For the next six weeks, we had regular calls. Sometimes Marc and I would get anxious between calls. But Faith and Matt were always steadfast and resolute in their decision, which was incredibly gracious and provided us so much comfort. They told us they wanted us to be in the room for the delivery, they wanted us to be the first to hold her, and they asked us to name her so they could start calling her by her name. We named her Mary Ella Grace. 

I struggled with guilt in the days leading up to our departure for Montana. It felt unnatural. I didn’t want Faith, Matt, and Athena to suffer. I wanted Ella Grace to have her biological family. I wondered how we would all be able to do this. The day before we flew out was my hardest day. There was so much anticipation and stress, and there were lots of tears and prayers. Again, it was hard. Often, life with Jesus looks different than easy.





We met in Montana. We’re making it forever.

While Matt & Marc anxiously awaited her arrival together in the hospital waiting area, I got to be in the surgery room with Faith for the delivery. It went so fast. Faith was strong and calm. It was one of the most incredible experiences of my life - watching Ella Grace enter the world. 

April 11, 2019 journal entry: Today I saw your face for the first time, and I knew. My heart knew. Baby girl, everything is going to be alright. Momma is here. Forever.


We earned ourselves forty-eight hours in the NICU with baby girl needing some extra oxygen. It was a harrowing first few hours, during which we were very close to being life-flighted to a bigger hospital. I found myself standing in the corner crying helplessly while they stuck her time and again trying to get an IV into her tiny body and start fluids without blowing a vein. She did not appreciate all this nonsense. Matt held vigil outside the NICU window, making sure she was alright. It was incredibly sweet and powerful, and still makes me tear up every time I think about it. I had to wait until late that first night to hold sweet Ella Grace. And when I did, angels sang to us. It was one of the happiest moments of my life.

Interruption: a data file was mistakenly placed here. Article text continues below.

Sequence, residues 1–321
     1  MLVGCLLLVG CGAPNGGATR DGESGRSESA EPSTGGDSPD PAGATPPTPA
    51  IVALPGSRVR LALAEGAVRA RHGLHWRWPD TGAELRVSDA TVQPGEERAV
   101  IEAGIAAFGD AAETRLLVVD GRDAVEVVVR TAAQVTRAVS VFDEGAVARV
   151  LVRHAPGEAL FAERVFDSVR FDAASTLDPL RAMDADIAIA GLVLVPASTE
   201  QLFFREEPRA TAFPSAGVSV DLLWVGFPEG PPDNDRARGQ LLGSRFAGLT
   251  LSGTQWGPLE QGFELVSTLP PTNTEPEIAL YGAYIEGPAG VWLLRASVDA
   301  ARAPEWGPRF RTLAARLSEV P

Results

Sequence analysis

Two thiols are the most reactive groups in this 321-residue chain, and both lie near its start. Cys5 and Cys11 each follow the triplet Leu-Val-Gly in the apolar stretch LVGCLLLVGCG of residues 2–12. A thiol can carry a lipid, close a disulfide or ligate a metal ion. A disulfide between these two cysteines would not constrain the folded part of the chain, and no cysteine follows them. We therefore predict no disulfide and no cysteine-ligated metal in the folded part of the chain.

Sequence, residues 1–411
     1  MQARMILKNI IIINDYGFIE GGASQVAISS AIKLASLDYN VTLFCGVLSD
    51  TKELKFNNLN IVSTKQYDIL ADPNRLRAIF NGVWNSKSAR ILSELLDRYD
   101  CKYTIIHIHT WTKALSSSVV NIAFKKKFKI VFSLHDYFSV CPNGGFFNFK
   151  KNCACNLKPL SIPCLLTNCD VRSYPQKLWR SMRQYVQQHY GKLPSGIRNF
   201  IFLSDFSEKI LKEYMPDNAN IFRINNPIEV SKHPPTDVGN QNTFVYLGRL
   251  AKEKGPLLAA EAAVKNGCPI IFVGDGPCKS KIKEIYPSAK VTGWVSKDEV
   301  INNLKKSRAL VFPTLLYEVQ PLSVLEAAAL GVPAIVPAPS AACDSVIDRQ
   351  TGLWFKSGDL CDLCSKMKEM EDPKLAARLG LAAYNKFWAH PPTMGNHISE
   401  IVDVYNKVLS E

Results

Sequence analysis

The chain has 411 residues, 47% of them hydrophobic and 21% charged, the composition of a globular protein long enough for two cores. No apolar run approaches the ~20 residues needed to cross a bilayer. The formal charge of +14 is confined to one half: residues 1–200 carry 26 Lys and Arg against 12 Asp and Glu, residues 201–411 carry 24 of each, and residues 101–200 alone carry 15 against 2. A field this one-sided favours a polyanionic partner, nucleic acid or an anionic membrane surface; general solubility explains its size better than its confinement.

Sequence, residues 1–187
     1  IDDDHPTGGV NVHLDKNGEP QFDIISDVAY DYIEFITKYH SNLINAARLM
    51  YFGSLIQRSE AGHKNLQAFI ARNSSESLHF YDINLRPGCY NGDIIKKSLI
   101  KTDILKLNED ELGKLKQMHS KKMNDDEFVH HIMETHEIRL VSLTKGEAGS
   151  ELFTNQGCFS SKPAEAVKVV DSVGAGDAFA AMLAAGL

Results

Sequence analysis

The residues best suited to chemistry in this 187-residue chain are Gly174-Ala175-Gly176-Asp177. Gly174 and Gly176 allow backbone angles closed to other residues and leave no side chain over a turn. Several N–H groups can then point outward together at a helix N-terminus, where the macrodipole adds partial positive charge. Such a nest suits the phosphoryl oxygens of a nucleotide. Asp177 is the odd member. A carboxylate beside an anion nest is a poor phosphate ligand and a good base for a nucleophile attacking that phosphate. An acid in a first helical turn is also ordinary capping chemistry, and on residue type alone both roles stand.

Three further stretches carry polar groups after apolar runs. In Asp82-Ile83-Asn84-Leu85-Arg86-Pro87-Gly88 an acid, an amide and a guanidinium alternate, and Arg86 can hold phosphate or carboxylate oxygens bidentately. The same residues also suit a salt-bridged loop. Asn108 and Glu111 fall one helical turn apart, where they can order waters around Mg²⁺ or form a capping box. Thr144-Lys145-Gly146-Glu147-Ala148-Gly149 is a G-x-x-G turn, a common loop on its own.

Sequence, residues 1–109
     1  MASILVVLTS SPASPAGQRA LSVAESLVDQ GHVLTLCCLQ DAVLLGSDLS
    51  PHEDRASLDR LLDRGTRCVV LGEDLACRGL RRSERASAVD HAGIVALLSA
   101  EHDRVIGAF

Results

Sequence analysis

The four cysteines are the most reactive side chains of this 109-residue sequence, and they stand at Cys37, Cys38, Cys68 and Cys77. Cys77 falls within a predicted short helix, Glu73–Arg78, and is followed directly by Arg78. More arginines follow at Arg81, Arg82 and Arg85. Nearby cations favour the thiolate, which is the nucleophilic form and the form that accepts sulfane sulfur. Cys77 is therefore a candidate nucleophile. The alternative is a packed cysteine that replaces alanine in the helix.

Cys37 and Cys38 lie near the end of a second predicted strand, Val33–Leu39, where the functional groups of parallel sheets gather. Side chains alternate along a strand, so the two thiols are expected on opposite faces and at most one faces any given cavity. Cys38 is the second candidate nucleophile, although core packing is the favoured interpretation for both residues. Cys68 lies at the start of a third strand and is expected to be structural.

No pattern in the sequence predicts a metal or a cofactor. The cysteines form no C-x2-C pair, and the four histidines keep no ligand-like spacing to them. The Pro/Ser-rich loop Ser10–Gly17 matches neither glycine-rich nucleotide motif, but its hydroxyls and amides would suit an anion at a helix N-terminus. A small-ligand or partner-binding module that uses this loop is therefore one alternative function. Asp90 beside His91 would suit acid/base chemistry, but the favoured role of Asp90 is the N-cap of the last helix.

The hospital stay was such a time of bonding. Marc and I were grateful to have a room and to share with Faith and Matt those first precious days with our (all of our) little girl. I spent many hours chatting with Faith at Ella Grace’s crib side in the NICU, both of us taking turns snuggling her. Faith and Matt also had a private time of holding her and talking to her – I envision them whispering into her ear about who she is and how much they love her. 
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The first time our boys met Ella Grace via video call, she was in the NICU and they spontaneously began singing her a lullaby. The second time was in the moments after Ella Grace was legally placed with us, and they ran around the room screaming with joy.

All the nurses turned out to see what Ella Grace’s amazing head of hair was going to do when she got her first bath. We had the best nurses …one named Mary, one who was the mama bear and was adopted herself, a sweet newbie in training who let me listen in and learn with her, one who took such good care of Faith, and the one who heroically saved us from that helicopter ride. And then there was our lactation consultant, who became a fast friend and gave me the best shot possible nursing this little one.